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What is Quantum Computing?

Quantum computing is an exciting and complex field that aims to revolutionise how we process information. To understand it in simple terms, let’s start with classical computing.

In classical computers, we use bits to store and process information. A bit can be either a 0 or a 1, representing two possible states. These bits are like tiny switches that can be turned on or off.

Quantum computing, on the other hand, uses quantum bits, or qubits, which are a bit like magical switches. Unlike classical bits, qubits can exist in multiple states simultaneously. This is due to a fundamental principle in quantum physics called superposition.

View of Businessman holding Quantum computing concept with qubit icon 3d rendering

Imagine a qubit as a spinning coin. In classical computing, the coin can be either heads or tails, representing a 0 or a 1. In quantum computing, the coin can be in a superposition of both states at the same time, like spinning on its edge. This superposition allows qubits to hold and process much more information in parallel.

Another remarkable property of qubits is entanglement. When qubits become entangled, the state of one qubit becomes intimately linked to the state of another qubit, no matter how far apart they are. Changing the state of one qubit instantly affects the state of the other, even if they are light-years away. This property enables quantum computers to perform certain calculations much faster than classical computers.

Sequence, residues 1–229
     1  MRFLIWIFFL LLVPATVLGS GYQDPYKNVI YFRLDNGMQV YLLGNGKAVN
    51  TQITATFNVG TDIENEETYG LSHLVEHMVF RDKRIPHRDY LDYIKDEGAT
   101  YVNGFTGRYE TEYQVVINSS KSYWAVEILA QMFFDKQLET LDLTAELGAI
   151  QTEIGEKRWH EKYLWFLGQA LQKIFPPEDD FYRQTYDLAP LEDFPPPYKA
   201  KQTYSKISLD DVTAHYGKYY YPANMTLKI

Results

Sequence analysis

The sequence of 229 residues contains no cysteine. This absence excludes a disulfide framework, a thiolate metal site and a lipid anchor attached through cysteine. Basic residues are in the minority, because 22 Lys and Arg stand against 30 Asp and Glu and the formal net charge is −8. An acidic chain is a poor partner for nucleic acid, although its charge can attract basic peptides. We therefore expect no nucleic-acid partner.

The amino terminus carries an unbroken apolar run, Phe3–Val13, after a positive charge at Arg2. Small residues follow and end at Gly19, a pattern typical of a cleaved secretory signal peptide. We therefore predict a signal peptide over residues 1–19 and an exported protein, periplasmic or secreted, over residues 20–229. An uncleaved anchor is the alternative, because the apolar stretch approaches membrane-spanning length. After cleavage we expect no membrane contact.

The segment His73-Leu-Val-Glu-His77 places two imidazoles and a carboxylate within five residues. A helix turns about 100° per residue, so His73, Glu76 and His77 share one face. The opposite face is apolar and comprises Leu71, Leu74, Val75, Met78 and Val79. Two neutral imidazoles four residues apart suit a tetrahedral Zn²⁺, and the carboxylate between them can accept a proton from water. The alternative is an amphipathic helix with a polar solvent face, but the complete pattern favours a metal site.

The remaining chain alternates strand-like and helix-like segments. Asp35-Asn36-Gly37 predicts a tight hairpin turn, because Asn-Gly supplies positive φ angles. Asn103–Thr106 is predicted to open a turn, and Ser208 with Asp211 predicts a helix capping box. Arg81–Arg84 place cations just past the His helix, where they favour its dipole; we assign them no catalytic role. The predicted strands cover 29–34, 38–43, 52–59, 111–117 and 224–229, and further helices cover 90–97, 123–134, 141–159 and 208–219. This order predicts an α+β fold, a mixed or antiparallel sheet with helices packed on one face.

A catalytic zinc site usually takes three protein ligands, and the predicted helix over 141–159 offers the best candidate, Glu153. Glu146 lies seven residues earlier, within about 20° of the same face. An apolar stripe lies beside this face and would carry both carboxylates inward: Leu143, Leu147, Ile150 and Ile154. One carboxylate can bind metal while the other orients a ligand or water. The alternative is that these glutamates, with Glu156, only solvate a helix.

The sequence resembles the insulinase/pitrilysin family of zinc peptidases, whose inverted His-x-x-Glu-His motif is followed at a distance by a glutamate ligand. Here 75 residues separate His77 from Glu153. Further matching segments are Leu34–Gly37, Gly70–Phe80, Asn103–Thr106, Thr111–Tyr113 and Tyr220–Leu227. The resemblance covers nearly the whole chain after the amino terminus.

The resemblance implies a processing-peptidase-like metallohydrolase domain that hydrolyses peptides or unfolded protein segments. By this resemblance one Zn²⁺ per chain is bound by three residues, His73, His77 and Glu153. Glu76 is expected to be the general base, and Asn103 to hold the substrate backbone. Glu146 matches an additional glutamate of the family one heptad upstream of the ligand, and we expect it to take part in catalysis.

By harnessing superposition and entanglement, quantum computers can perform complex calculations and solve problems that are practically impossible or extremely time-consuming for classical computers. They have the potential to revolutionise fields like cryptography, drug discovery, optimisation, and simulation, opening doors to new discoveries and advancements.

A futuristic glowing CPU quantum computer processor. 3D illustration.

However, it’s worth noting that quantum computing is still in its early stages, and building practical, error-resistant quantum computers is a significant scientific and engineering challenge. But scientists and researchers are making remarkable progress, and the future of quantum computing holds great promise.

The timeline and rollout of computers happened a little something like below:

🌟 1936: Turing Machine (a special machine with magical powers)

🏭 1940s: First Computers (huge machines that fill entire rooms)

💡 1950s: Better Computers (smaller machines with lights and buttons)

🚀 1960s: Even Better Computers (faster machines with colourful screens)

💻 1970s: Personal Computers (computers that fit on desks and can be used at home)

🌈 1980s: Colorful Computers (fun computers with pictures and games)

🌐 1990s: Internet Computers (computers that can connect with people all over the world)

🔬 2000s: Quantum Research (scientists discovering new ways to make super-powerful computers)

🔮 2010s: Amazing Quantum Computers (computers that use magic to solve really hard problems)

🚀 Future: More Quantum Progress (making quantum computers even better and solving bigger challenges)

The power of Quantum Computing is electrifying where it will perform computations and calculations up to 100 X faster than current computing, and that is only the start of the process and development. Add in AI, Generative AI and LLM and the world will escalate into rapid computing that society needs to be prepared for.